Nairobi News


City Girl: Shame how principals can humiliate students

Matthew Kibet just wanted to learn.

The form two student at Kapenguria Boys Secondary is an iconic example of tenacity and grit. In spite being unable to raise school fees and perpetually being sent home, the boy persisted and faithfully went to class.

This week was one of those many times he returned to school yet again without school fees, having stayed home for a month. He found his desk was among those that had been returned to the store, a clear indication he was no longer welcome to the school.

When it became apparent he had nowhere to sit, the boy picked up his belongings and left Kapenguria Boys — and school — for good.


However, that moment of hopelessness, that final act of desperation, is probably what saved Kibet’s education, and future, because as he was leaving the school, onlookers filmed him and interrogated him.

In the widely-shared video, he is seen trudging on, lugging his metallic box, a backpack and what looks like mattress as well as a couple of blankets. That video would later go viral on social media, spurring empathy from well-wishers.

This is what Kibet told Daily Nation journalists: “I have been determined to learn but it has become difficult for me.”

He was tired of always working in the shamba while his friends were in class learning. Kibet lives with his 70-year-old grandmother. His mother ekes out a living doing menial jobs. His father has not been as keen about his son’s education as he has been about the bottle.

I was relieved to learn that an anonymous well-wisher has since cleared the fees balance of Sh109,000 and the young man is back in school.

However, I cannot stop thinking about the school principal. Did he not stop for a moment and ask what was it about this young man who was so persistent and so determined to learn despite of all the challenges he was facing?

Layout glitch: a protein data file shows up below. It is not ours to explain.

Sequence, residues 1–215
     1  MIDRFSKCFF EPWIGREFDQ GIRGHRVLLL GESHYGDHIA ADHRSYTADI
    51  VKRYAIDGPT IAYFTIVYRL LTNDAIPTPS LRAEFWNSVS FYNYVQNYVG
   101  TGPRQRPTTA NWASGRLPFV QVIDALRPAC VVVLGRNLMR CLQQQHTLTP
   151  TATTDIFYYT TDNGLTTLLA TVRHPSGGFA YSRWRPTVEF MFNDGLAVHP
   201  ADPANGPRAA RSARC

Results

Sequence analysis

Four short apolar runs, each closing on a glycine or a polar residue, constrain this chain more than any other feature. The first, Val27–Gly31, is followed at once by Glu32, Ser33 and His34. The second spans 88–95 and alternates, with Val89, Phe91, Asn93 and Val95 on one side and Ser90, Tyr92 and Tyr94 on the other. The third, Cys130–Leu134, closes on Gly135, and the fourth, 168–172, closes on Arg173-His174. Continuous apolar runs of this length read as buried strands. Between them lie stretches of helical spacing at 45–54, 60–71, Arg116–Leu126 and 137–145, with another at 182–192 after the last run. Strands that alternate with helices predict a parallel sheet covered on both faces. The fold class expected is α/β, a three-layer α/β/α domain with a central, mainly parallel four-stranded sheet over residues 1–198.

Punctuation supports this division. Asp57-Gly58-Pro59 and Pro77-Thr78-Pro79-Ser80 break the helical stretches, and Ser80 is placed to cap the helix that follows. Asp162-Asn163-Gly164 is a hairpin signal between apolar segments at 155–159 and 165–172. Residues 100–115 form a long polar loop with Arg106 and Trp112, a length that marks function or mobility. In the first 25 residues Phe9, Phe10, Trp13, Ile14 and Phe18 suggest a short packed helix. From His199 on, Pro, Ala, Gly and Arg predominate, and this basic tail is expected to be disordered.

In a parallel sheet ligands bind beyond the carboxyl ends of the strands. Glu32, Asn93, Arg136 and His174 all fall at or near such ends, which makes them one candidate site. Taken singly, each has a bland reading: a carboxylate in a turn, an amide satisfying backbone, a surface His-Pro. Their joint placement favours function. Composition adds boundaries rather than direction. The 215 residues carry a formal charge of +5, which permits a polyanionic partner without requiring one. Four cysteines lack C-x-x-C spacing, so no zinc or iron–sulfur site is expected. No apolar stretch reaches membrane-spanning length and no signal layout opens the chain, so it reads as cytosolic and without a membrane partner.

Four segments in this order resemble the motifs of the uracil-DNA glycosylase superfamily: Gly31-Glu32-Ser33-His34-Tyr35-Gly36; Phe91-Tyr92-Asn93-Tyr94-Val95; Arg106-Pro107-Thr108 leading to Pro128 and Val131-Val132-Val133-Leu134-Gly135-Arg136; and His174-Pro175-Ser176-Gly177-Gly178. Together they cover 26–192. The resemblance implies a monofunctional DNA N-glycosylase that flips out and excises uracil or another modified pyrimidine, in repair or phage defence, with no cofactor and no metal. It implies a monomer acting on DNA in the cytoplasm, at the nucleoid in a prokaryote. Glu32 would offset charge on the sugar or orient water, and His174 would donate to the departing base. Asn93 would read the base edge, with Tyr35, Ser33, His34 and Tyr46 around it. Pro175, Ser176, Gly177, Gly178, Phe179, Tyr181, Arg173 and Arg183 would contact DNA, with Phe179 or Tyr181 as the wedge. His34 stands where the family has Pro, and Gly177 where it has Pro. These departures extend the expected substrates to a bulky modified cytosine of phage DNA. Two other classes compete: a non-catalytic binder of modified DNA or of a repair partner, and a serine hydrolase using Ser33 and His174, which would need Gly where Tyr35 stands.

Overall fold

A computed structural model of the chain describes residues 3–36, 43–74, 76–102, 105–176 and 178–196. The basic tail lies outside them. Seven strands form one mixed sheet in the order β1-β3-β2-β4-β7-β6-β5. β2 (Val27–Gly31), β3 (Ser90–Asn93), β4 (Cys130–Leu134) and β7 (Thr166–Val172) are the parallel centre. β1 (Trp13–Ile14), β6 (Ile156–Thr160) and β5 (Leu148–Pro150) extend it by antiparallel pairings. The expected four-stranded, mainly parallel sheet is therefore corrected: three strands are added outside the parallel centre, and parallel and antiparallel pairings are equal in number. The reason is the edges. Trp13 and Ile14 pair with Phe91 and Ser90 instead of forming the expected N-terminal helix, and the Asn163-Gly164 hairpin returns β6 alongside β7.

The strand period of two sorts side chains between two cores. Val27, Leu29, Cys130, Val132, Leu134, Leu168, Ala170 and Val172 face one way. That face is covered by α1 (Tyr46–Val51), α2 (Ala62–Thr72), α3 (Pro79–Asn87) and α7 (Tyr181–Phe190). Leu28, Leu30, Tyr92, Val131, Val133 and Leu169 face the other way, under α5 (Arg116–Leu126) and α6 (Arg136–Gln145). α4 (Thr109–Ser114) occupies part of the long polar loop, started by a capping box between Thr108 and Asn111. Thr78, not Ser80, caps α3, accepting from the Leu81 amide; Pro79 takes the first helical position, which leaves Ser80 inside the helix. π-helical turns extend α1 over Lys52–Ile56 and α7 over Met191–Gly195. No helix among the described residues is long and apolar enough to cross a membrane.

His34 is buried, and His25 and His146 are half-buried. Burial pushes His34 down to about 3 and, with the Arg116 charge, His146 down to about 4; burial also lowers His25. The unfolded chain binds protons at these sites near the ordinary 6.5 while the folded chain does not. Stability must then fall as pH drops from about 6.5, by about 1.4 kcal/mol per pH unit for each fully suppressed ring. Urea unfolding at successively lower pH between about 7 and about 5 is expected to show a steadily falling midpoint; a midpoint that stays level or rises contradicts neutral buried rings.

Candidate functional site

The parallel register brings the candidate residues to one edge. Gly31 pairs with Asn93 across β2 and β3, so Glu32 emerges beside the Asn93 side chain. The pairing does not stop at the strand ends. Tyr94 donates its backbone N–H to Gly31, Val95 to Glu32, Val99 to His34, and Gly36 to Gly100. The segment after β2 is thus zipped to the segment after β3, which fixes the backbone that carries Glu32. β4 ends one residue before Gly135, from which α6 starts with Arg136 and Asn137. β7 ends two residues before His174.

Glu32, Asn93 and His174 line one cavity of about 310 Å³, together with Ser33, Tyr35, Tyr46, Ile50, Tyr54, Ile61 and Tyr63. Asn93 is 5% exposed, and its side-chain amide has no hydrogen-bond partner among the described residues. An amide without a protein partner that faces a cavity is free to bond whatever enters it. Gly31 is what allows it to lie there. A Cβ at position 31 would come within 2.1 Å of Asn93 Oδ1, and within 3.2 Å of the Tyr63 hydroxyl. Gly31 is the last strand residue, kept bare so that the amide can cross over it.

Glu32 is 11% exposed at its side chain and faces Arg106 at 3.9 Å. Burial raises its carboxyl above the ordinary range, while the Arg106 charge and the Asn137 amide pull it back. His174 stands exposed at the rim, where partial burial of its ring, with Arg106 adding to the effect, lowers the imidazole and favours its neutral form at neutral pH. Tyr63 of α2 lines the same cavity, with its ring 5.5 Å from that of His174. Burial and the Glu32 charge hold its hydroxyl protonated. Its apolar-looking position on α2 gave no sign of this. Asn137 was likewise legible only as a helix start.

Which brings me to today’s topic; the tyrannical school principals who behave as if the schools they manage are their fiefdoms and the students, parents and teachers their subjects.

They are feared and loathed in their small kingdoms. Teachers, students and parents tremble at the sight of these principals — some of them who are corrupt to the core.

They treat students — your daughters and sons — as just any other statistic that has passed through the school. They neglect sick students and frustrate parents and students by making their schools seem like military camps.

And, should you as a parent be so unwise as to question the school administration, their wrath will be taken out on your child — an innocent student who is just trying to enjoy high school.

It will be a year this September since the country witnessed one of the most horrific school tragedies in recent memory. Nearly a year later, not a single adult has been held accountable for the deaths of 10 girls that in the Moi Girls fire, and the only individual currently under investigation is a teenage girl who allegedly set the hostel on fire. Where were the adults when this was happening?

As a journalist who covered the tragedy, I saw first hand the callousness and casualness with which parents of the deceased were treated by the school administration. It was the most hurtful thing I witnessed last year.

I am afraid it seems as though those ten families whose daughters would have been in Form Two today will never get the justice they deserve.


What is it with school principals that they are so powerful, so untouchable that they are allowed to get away with literally anything?

It is not enough that school principals involved in scandals resign. It is time to hold them personally responsible for what happens to students in the school compound. Because of this arrogance some parents have endured untold grief.

I interviewed a parent who had to be committed to a mental institution for a couple of weeks after her daughter perished in the fire. It is that sad.

Principals need to level up and stop behaving like demigods in their little fiefdoms.

They should learn to have some empathy, act professionally, and for the love of God, they should take those students as if they were their own daughters and sons.